Ray Ozzie, Microsoft's Chief Software Architect, will be stepping down from his position.
TechCrunch highlights Ozzie's career at Microsoft:
Ozzie assumed the chief software architect’s role in June 2006. In his role, Ozzie was responsible for oversight of the company’s technical strategy and product architecture. Prior to this role, Ozzie was chief technical officer from April 2005 to June 2006. He assumed that position in April 2005 after Microsoft acquired Groove Networks, a next-generation collaboration software company he formed in 1997.
Microsoft CEO Steve Ballmer announced the move in an email to Microsoft employees, the Seattle Post Intelligencer reports.
The email read:
From: StevebSent: Thursday, October 18, 2010To: Microsoft - All EmployeesSubject: Ray Ozzie Transition
This past March marked a significant milestone for the company when, in a speech at the University of Washington, I sent a message to the world that we're 'all in' when it comes to the cloud. In that speech I noted that Ray's Internet Services Disruption memo nearly five years ago, and his work since, stimulated thinking across the company and helped catalyze our drive to the cloud.
As a company, we've accomplished much in the past five years as we look at the cloud and services. Windows Live now serves as a natural web-based services complement to both Windows and Office. SharePoint and Exchange have now decidedly embraced the cloud. And by conceiving, incubating and shepherding Windows Azure, Ray helped ensure we have a tremendously rich platform foundation that will enable app-level innovation across the company and by customers for years to come.
With our progress in services and the cloud now full speed ahead in all aspects of our business, Ray and I are announcing today Ray's intention to step down from his role as chief software architect. He will remain with the company as he transitions the teams and ongoing strategic projects within his organization - bringing the great innovations and great innovators he's assembled into the groups driving our business. Following the natural transition time with his teams but before he retires from Microsoft, Ray will be focusing his efforts in the broader area of entertainment where Microsoft has many ongoing investments.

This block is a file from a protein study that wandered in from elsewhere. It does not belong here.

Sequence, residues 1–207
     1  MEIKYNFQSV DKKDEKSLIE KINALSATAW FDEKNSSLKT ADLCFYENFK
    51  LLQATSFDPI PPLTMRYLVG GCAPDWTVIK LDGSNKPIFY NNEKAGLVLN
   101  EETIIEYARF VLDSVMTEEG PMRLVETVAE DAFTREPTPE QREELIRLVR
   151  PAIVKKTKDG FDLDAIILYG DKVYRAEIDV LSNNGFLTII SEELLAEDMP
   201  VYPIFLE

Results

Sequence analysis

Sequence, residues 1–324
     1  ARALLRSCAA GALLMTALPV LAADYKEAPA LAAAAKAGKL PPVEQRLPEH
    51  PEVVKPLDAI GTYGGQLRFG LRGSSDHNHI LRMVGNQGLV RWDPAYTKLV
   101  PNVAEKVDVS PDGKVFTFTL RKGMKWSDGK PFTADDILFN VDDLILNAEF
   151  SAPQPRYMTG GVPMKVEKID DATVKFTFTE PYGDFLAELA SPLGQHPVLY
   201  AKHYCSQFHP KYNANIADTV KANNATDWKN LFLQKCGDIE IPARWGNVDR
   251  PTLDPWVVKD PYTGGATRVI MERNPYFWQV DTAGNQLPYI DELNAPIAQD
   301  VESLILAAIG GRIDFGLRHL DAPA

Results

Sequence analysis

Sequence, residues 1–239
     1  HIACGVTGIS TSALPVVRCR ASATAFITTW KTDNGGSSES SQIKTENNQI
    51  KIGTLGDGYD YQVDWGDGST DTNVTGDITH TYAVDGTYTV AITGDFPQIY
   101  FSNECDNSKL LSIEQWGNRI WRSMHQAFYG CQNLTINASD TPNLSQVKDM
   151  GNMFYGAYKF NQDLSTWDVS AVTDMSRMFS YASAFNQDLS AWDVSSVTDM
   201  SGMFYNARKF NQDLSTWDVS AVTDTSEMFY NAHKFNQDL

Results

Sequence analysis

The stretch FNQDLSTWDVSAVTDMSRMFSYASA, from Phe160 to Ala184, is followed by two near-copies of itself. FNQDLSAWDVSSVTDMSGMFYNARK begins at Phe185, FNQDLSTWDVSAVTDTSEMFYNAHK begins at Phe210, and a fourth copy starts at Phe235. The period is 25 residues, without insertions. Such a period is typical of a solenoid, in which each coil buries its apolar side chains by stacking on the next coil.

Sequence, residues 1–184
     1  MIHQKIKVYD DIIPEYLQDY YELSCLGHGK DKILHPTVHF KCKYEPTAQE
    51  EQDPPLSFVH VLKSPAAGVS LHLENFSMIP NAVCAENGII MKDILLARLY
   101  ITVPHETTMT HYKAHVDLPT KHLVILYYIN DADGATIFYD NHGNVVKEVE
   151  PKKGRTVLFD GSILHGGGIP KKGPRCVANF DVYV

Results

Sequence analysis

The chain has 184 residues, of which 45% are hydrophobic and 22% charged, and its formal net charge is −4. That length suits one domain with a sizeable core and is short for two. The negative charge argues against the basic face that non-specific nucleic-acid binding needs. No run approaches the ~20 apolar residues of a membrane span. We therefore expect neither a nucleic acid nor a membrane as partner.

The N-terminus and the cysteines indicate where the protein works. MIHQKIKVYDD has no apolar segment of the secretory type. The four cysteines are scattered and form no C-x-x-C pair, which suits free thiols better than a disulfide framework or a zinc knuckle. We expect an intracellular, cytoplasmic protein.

We have tremendous opportunities in the entertainment space overall, and I'm excited about what we can accomplish. Beyond that, Ray has no plans at this time. While he'll continue to report to me during the transition, the CSA role was unique and I won't refill the role after Ray's departure. We have a strong planning process, strong technical leaders in each business group and strong innovation heading to the market.
While Ray will be onboard for a while, I'd like to thank him today for his contributions to Microsoft, both as a leader and as a long-time Microsoft ISV. As an early ISV, Ray contributed significantly to the early success of Windows. Since being at Microsoft, both through inspiration and impact he's been instrumental in our transition toward a software world now centered on services. He's always been a 'maker' and a partner, and we look forward to our continuing collaboration as his future unfolds. Ray has played a critical role in helping us to assume the leadership position in the cloud, and positioned us well for future success.
Please join me in thanking Ray and wishing him well.
The departure has been seen bad news for Microsoft. Tech analyst Ben Kepes tweeted, "Ray Ozzie is leaving Microsoft - it's not hyperbole to say that this is an absolute disaster for Redmond." In a post on the announcement, Gigaom asked, "Has the future left the building?"
The Associated Press writes,
Wes Miller, an analyst for independent research group Directions on Microsoft, said that Ozzie has long pushed for Microsoft to "run at a much faster pace than they may honestly be comfortable with at their age." It's hard to tell if Ozzie was frustrated with the pace of change and wanted to leave, or was asked to step down, Miller said.